When conceived, the tank offered a good compromise between mobility and reliability, protection and hitting power. It had been scrupulously designed to duplicate the feats of what were then the best tanks in the world: the Panzer Mk III and Mk IVs, which had just executed devastating blitzkriegs. The Shermans equaled or outmatched those tanks when they met in North Africa but they were not up to the task of fighting duels with the subsequent Panzers and Tigers, especially when the latter were employed in defense, as mobile pillboxes. U.S. doctrine called for fighting tanks with tank destroyershigh-velocity anti-tank guns mounted on swift, lightly armored vehicleswhile our tanks did what tanks do best: claw through an enemys line and get into his rear. The decision to rely so heavily on tank destroyers for antitank warfare is often seen as a mistake; nowadays the best antitank weapon is widely assumed to be a tank. But American tank destroyers got better, and American skill at combined-arms operations steadily increased, so that our artillery, fighter-bombers, and tank destroyers shattered German armor in the Ardennes. And while the Shermans did badly in one-on-one tank duels against the German tanks, Shermans did not generally fight one-on-one. They often fought five-on-one, and they won.
761st Tank Battalion, Charlie Company
It is crucial to remember that the Shermans had to be transported across oceans. This put a premium on their reliabilitymore tanks had to be operating more of the timeand they were supremely reliable. This same concern also meant that they had to fit on existing naval tank transports, one reason they were smaller and lighter than German late-war armor.
Yom Kippur war of 1973: M4A3E8 Shermans modified by the Israelis, major changes include a 105mm gun and large counterweight at the turret rear.
A basic question rarely considered by the Shermans critics is the economic concept of opportunity cost: What did Germany give up to achieve the Tigers strengths? A Tiger I took 300,000 man-hours to build, and in the tanks first two years, Germany made only about 1,340 of them. In 1943 alone, Germany built 5,966 tanks of all types, while the U.S.S.R. produced an estimated 20,000 and the British 7,500. That year the United States built 30,000 tanks, most of them Shermans.
posted on 02/24/2004 12:05:03 AM PST
(You've got to be really scummy to make Clinton look honest. - (Samwise, describing John Kerry))
To: SAMWolf; snippy_about_it; bentfeather; Darksheare; Johnny Gage; Light Speed; Samwise; ...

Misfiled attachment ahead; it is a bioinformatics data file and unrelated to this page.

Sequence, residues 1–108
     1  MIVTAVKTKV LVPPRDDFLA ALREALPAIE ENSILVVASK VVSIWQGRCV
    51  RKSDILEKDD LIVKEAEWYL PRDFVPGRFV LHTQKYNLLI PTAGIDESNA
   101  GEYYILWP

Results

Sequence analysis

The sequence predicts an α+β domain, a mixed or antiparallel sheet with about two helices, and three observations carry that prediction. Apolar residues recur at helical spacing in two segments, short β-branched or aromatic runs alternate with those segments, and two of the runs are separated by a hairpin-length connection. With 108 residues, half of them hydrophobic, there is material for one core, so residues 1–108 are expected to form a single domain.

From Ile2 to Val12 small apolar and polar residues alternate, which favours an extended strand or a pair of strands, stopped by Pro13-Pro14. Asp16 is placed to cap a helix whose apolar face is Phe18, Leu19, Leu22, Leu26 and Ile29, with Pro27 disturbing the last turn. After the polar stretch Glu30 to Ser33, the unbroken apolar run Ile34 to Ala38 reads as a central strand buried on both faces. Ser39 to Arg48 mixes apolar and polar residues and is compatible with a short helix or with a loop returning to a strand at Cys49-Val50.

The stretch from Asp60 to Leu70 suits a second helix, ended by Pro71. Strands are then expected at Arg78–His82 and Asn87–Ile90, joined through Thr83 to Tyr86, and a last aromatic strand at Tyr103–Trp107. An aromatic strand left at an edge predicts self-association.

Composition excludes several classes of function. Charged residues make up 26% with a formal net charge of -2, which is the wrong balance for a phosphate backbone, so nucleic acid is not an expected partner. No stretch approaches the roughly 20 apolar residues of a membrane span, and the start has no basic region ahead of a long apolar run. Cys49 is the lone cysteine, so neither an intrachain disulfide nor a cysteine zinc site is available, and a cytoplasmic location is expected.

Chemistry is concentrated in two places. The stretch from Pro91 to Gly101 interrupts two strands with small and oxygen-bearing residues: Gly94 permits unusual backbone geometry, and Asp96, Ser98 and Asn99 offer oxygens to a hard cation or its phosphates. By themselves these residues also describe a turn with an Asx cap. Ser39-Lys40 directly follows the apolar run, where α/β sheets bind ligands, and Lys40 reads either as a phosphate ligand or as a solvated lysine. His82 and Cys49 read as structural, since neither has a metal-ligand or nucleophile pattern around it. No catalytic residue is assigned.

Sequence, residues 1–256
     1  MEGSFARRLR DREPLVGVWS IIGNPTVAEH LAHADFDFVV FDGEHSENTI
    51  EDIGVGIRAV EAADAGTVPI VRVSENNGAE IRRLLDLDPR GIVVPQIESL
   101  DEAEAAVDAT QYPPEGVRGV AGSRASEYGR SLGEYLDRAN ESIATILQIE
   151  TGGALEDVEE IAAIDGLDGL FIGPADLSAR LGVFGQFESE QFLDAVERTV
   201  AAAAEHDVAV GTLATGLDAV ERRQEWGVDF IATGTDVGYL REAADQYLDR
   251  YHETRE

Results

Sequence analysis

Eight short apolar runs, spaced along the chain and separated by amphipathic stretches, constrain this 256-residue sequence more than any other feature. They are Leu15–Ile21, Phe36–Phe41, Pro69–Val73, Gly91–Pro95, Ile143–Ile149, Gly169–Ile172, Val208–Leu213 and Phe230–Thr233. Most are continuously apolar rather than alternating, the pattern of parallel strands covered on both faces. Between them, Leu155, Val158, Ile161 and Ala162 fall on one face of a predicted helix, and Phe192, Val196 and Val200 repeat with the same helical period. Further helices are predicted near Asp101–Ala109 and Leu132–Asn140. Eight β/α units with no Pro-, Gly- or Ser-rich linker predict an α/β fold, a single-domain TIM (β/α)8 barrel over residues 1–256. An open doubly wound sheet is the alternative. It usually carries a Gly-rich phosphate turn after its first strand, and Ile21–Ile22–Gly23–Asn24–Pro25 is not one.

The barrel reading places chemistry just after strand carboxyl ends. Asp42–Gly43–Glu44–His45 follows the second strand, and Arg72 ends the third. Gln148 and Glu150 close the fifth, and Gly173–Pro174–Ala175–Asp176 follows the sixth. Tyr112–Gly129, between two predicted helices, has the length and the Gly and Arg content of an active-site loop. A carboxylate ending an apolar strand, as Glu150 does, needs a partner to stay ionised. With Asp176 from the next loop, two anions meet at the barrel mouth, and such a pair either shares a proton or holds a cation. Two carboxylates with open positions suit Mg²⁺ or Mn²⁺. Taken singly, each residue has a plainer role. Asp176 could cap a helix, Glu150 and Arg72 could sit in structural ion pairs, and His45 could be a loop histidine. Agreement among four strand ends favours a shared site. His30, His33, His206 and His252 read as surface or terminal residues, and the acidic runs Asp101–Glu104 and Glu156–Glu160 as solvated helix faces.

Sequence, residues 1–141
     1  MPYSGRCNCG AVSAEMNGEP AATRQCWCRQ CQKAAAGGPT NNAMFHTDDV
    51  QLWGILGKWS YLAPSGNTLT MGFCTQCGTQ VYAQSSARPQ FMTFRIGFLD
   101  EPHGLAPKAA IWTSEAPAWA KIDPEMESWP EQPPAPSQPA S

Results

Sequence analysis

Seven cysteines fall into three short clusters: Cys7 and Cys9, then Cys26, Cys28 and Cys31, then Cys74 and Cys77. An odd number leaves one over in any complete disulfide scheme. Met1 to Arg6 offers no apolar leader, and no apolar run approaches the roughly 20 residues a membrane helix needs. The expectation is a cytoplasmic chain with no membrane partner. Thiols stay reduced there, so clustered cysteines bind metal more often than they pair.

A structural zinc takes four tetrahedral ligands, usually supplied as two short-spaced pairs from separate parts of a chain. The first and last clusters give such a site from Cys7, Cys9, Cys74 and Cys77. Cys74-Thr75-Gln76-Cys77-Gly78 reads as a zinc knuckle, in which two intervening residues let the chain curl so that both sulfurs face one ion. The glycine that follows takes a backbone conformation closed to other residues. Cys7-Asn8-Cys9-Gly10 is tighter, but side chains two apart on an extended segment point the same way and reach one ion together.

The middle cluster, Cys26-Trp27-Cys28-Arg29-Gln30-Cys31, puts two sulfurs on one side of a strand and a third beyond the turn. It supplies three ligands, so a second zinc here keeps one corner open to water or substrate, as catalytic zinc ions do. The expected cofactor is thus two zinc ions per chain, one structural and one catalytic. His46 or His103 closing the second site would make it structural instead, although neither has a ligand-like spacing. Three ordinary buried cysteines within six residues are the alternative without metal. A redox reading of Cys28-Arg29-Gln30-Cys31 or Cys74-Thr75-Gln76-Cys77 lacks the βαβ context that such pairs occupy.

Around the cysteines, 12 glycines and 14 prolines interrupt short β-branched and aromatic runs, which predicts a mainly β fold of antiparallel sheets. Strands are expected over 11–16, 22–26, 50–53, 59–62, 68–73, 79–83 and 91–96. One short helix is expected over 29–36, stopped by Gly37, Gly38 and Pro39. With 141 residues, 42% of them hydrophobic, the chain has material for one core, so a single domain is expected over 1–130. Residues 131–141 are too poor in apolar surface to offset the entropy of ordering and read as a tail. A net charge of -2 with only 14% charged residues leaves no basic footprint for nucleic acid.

Good morning to all at the Foxhole!
To all our military men and women, past and present,
THANK YOU for serving the USA!
I hope everyone is doing well this morning. I'm ignoring dr.'s orders for a moment to stop in to say "hello". Looks like I'll be laid up for a short while. It didn't help that I tried to do a little house cleaning Saturday. duuuh.
Now is when a laptop would come in handy. LOL!! But since we don't have one, I'll stop in when I feel I can sit for a few minutes.
Have a fantastic day, everyone! *HUGZ* all 'round.
posted on 02/24/2004 3:07:08 AM PST
(May God watch over our troops and keep them safe)
It's tanks for the memories.
posted on 02/24/2004 8:53:38 AM PST
(Virtue is the uncontested prize.)
To: SAMWolf; snippy_about_it; Jen; PhilDragoo; All
posted on 02/24/2004 6:03:12 PM PST
by Victoria Delsoul
(Freedom isn't won by soundbites but by the unyielding determination and sacrifice given in its cause)
"Ironically, the hedgehog obstacles that littered the beaches would later be used to help Allied tanks break through the numerous hedgerows that crisscrossed the Normandy countryside. Cut up and welded to the front of tanks, these chunks of metal allowed armor to rapidly slice through the hedgerows and quicken the Allied attack inland."
Max Hastings writes about this. In the early stages of the battle neither the German nor Allied armor could penetrate the Normandy hedgerows, restricting armor movement to the roads. A single Panther could make advance by road impossible.
When a tank tried to cross a hedgerow the trees and brush, building up underneath the tank, would lift up hard enough so that the tank would loose traction and be stuck (and a sitting duck). Clearing an opening in the hedgerow by hand was impossible because of MG42 fire, natch.
Guys in the field came up with the fix. Steel beams were welded to the front of M4s, pointing forward, about 30" long. These beams had two more beams welded to the front of the first beam, sweeping back, in a Vee shape with an included angle of about 60 degrees. These things looked just like the little arrowheads one draws on one's notes for emphasis, or to find your way around your notes later.
The tank so equipped would push into the hedgerow, get the trees and bushes all snagged onto the apparatus welded on front, and then back out, pulling the hedgerow trees with it. If the opening was still blocked, another similar machine would pull out the rest of the obstacle.
Now the Shermans could get around to the back of the Panthers and destroy them. The Germans never copied this American improvisation, for whatever reasons, probably cultural.
The Germans are no smarter than anyone else. Ask any Pole or Russian, and you will get a strong opinion in this matter!
posted on 02/25/2004 12:25:49 PM PST
(Lies have no purpose but to deceive the enemy. Lie to yourself, be your own enemy.)